Where can I drive a two-wheel-drive (2WD) car to in Oman? Muscat, Bimmah, Wadi Shab, Wadi Bani Khalid, Qalhat, Sur, Ras Al Hadd, Ras Al Jinz, Pink Lake, Nizwa, Misfat Al Abriyeen, Bahla, Al Ayn, Jabrin/Jibreen, Dibba, Khor Najd and the edge of the desert.
Where do I need a 4×4 SUV in Oman? Wadi Tiwi, Jebel Akhdar, Jebel Shams, Jebel Harim and deep into Wahiba/Sharqiyah Sands.
Day 1/2: Muscat and around
You probably just landed at the shiny new Muscat International Airport (as I did from Doha), or you may have driven six hours from Dubai to Muscat by road. By this time, you should have applied for a 10-day visa before arriving, and the pleasure of waltzing straight through immigration should set you back 5 rials. You can rent a car at the arrivals hall or in the city, but the international brands are in the former.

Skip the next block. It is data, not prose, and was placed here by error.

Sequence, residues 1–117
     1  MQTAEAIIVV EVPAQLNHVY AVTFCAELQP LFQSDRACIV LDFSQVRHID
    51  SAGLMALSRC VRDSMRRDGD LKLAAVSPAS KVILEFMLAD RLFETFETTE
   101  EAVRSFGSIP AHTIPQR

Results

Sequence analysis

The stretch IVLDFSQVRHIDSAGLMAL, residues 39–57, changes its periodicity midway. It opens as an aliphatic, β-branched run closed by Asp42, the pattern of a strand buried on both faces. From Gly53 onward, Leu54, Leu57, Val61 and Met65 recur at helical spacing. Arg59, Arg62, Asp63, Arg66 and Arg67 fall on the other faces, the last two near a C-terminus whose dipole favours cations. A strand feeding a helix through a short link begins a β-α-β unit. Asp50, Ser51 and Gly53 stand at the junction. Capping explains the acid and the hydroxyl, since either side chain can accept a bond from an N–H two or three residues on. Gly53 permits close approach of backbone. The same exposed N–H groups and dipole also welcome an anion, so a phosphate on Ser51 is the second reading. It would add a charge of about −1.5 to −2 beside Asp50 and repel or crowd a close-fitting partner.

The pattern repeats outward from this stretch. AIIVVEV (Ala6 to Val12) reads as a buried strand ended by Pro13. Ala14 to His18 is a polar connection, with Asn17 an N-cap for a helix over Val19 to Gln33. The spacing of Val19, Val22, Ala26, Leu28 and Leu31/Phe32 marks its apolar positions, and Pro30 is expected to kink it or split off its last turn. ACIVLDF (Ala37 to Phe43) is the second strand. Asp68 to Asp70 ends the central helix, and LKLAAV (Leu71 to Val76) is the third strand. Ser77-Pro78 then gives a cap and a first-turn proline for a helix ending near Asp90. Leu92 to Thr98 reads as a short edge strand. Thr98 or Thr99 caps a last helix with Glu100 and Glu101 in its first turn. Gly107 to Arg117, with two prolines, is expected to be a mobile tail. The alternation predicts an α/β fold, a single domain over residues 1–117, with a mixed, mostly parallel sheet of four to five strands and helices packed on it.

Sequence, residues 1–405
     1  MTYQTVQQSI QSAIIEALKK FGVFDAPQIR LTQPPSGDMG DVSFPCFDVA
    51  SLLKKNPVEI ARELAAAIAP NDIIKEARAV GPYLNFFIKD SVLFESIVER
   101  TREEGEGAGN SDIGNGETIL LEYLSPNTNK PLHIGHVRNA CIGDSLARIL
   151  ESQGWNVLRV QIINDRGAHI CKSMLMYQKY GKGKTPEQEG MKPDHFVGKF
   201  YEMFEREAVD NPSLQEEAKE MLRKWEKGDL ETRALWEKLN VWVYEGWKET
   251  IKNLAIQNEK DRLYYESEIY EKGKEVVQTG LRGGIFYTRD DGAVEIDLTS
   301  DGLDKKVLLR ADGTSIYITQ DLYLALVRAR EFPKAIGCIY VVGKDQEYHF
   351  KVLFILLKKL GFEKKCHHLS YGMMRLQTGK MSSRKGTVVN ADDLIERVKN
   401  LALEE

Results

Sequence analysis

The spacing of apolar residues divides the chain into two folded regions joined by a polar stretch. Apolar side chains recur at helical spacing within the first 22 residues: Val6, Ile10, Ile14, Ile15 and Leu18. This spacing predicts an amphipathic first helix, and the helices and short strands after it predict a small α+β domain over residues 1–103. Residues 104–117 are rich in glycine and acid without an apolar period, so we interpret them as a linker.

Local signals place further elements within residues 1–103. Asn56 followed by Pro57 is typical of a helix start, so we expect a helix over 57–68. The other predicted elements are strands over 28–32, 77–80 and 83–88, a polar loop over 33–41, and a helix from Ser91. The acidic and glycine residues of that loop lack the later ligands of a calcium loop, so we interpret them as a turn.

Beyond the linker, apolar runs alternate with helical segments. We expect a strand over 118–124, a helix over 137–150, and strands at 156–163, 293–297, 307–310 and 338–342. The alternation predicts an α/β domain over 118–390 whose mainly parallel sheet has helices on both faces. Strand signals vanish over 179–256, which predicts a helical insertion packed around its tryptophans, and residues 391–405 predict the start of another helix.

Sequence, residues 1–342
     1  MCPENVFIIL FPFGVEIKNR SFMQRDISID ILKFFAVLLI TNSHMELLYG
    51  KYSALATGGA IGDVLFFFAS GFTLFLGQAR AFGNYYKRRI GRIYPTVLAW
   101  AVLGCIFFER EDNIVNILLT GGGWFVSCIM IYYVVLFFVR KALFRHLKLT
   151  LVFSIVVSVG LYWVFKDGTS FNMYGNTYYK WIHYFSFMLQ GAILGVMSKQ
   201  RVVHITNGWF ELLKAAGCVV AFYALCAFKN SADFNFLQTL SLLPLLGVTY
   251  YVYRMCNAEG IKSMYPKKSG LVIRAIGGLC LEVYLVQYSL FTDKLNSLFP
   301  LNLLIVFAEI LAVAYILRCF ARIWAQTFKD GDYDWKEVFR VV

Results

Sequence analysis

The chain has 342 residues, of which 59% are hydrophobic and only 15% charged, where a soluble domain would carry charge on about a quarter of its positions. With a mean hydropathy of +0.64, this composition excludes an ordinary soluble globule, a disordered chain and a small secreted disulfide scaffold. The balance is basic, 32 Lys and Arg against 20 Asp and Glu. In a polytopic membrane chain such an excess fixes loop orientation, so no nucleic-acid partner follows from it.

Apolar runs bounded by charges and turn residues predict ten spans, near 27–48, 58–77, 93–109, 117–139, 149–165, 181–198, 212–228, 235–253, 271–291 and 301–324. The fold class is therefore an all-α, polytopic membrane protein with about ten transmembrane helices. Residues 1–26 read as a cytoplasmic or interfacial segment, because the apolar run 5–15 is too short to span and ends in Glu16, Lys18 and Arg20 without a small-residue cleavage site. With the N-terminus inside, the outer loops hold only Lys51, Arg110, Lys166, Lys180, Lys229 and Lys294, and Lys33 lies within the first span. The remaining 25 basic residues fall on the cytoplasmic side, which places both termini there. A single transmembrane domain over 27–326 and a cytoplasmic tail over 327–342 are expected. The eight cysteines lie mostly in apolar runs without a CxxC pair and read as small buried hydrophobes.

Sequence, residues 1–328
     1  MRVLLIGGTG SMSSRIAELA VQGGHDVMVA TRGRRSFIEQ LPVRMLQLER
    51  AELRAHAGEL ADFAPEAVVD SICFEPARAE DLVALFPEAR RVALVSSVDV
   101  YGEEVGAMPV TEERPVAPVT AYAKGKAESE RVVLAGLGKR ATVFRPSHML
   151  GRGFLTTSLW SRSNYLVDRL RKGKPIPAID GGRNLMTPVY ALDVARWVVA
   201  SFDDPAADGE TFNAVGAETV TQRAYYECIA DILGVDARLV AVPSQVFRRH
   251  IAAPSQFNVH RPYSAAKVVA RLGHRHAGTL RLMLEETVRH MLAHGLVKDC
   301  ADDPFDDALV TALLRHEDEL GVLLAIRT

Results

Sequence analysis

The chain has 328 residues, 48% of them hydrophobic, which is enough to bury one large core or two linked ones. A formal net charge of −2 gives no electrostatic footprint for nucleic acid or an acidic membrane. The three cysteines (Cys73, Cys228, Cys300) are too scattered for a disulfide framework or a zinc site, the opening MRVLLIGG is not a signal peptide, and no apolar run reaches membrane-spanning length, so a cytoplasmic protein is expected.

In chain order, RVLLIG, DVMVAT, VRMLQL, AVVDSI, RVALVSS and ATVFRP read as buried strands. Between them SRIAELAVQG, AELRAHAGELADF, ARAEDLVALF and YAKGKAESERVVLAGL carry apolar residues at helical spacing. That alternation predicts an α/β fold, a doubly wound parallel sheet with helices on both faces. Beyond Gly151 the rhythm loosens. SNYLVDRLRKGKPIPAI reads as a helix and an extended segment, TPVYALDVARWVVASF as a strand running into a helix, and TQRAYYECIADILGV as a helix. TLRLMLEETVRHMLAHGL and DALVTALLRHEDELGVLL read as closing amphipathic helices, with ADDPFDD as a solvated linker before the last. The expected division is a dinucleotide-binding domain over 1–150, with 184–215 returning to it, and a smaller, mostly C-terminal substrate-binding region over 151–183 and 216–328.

Muscat’s districts are spread over 50 km along the coast, and the airport is in the most westerly of these. I’d recommend staying in Bowshar the first night for the following reasons:
- Top up supplies at the Lulu and Carrefour hypermarts in the Oman Avenues Mall and Muscat Grand Mall;
- If you want to take things easy before moving onto local food, there are plenty of international chains in those shopping centres;
- If you’re tired or only planning to rent a car the next day, it’s a relatively short distance from the airport; and
- The Sultan Qaboos Grand Mosque is nearby, so you don’t have to backtrack too much in the morning.
The Sultan Qaboos Grand Mosque‘s visiting hours for non-Muslims are 8 to 11 a.m. from Saturday to Thursday. Everything about it is beautiful, including the mosaic niches, the giant prayer hall rug and chandelier (once the world’s largest) and the view at night. The arches and the passages are especially conducive to Instagram shots, so if you want a crowd-free shot, go early. Remember to dress conservatively and wear a headscarf.